US President Joe Biden has attempted to reassure Kyiv it will get the funding it needs

Ukraine's fight for survival has become a political football just over a year from the US presidential election, with questions mounting over aid approved by Congress that totals $100 billion so far, including $43 billion in weaponry

Ukraine’s fight for survival has become a political football just over a year from the US presidential election, with questions mounting over aid approved by Congress that totals $100 billion so far, including $43 billion in weaponry

Top House Democrats said on Saturday that they expect McCarthy to bring a separate Ukraine aid bill for a vote next week, though it was unclear if it would be the $24 billion Biden originally sought.

But that could be more easily said than done.

Ukraine’s fight for survival has become a political football just over a year from the US presidential election, with questions mounting over aid approved by Congress that totals $100 billion so far, including $43 billion in weaponry.

First, there is a bid to unseat McCarthy next week by hardline Republican Matt Gaetz, one of a core of hard-right members of the party implacably opposed to any more aid for Ukraine.

If he does survive, McCarthy made it clear on Sunday that he would hold out for funding to stop immigrants crossing the Mexican border, a key Republican demand.

‘I’m going to make sure that the weapons are provided for Ukraine, but they’re not going to get some big package if the border is not secure,’ McCarthy told CBS’s ‘Face the Nation’ on Sunday.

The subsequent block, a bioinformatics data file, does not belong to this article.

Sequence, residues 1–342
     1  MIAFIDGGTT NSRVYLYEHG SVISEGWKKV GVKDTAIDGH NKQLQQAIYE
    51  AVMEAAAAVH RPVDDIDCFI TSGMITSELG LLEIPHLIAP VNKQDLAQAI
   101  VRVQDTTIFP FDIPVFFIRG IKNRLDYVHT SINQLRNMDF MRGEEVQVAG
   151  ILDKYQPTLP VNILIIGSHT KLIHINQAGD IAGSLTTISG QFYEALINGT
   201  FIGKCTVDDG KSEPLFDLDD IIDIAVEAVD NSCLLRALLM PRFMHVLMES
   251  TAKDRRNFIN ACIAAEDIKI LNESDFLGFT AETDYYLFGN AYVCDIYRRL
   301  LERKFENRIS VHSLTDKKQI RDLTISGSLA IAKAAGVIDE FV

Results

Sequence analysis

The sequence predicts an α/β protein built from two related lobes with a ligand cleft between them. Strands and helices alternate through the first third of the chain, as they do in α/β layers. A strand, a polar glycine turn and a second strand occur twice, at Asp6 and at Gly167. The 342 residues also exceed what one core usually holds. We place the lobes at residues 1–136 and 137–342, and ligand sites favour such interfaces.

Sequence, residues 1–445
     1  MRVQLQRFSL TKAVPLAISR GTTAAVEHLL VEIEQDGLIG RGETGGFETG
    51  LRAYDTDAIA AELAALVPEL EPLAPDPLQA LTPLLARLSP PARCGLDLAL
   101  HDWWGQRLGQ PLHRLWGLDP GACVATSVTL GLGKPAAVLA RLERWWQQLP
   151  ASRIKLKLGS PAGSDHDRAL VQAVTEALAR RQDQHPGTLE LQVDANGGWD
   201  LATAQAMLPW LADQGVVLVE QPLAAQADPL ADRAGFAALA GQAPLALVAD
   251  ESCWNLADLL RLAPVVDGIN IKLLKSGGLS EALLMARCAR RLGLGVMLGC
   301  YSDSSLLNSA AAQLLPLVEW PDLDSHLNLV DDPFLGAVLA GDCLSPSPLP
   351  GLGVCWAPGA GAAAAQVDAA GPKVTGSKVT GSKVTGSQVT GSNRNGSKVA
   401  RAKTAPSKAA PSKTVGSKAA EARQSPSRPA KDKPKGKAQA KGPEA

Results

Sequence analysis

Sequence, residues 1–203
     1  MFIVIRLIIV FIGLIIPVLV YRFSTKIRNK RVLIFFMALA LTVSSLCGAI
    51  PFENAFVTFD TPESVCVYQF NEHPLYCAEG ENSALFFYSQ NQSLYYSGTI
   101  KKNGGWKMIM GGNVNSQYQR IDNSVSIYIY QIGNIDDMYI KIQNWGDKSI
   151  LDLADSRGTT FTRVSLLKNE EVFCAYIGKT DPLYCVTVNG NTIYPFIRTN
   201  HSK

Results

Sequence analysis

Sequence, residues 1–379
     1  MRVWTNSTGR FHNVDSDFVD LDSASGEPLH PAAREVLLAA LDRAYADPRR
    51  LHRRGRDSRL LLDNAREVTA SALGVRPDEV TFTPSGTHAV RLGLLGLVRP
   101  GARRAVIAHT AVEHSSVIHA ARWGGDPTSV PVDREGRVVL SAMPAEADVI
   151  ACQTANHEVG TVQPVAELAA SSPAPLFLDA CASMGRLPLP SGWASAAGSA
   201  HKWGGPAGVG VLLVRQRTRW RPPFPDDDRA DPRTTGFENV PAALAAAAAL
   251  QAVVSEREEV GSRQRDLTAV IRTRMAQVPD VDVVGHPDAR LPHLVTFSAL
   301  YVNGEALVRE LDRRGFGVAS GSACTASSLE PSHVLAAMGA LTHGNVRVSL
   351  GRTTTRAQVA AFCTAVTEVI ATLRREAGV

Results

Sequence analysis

Even if McCarthy does agree on the Ukraine aid, possibly in a deal with Democrats to allow him to stay as speaker, there is a wider problem – war fatigue.

Skepticism is spreading from the hardline Republicans to more moderate lawmakers who say they won’t write Ukraine a ‘blank check.’

More worryingly for Biden and Kyiv, inflation-hit American voters appear to have similar concerns about Ukraine.

An ABC/Washington Post poll released September 24 showed 41 percent of respondents saying the United States was doing too much to support Ukraine, up from 33 percent in February and just 14 percent in April 2022.

Making the problem even tougher is a Republican impeachment inquiry into Biden over his son Hunter’s business deals in Ukraine.

The Biden administration’s answer is simple – if Russia is not stopped in Ukraine, the rest of the world could be at risk.

US Defense Secretary Lloyd Austin urged Congress to ‘live up to America’s commitment to provide urgently needed assistance to the people of Ukraine as they fight to defend their own country against the forces of tyranny.’

Analyst Bruen added that even a temporary delay on Ukraine funding was a ‘big boost to the detractors.’

‘I think that, over the long term, is going to prove more problematic,’ he added.

Ukrainian President Volodymyr Zelensky (right) and Secretary General of NATO Jens Stoltenberg (left) give a press conference following talks in Kyiv on September 28, 2023

Ukrainian President Volodymyr Zelensky (right) and Secretary General of NATO Jens Stoltenberg (left) give a press conference following talks in Kyiv on September 28, 2023

In Britain, former defence secretary Ben Wallace urged the UK’s prime minister to increase its backing for Kyiv amid the wavering support elsewhere.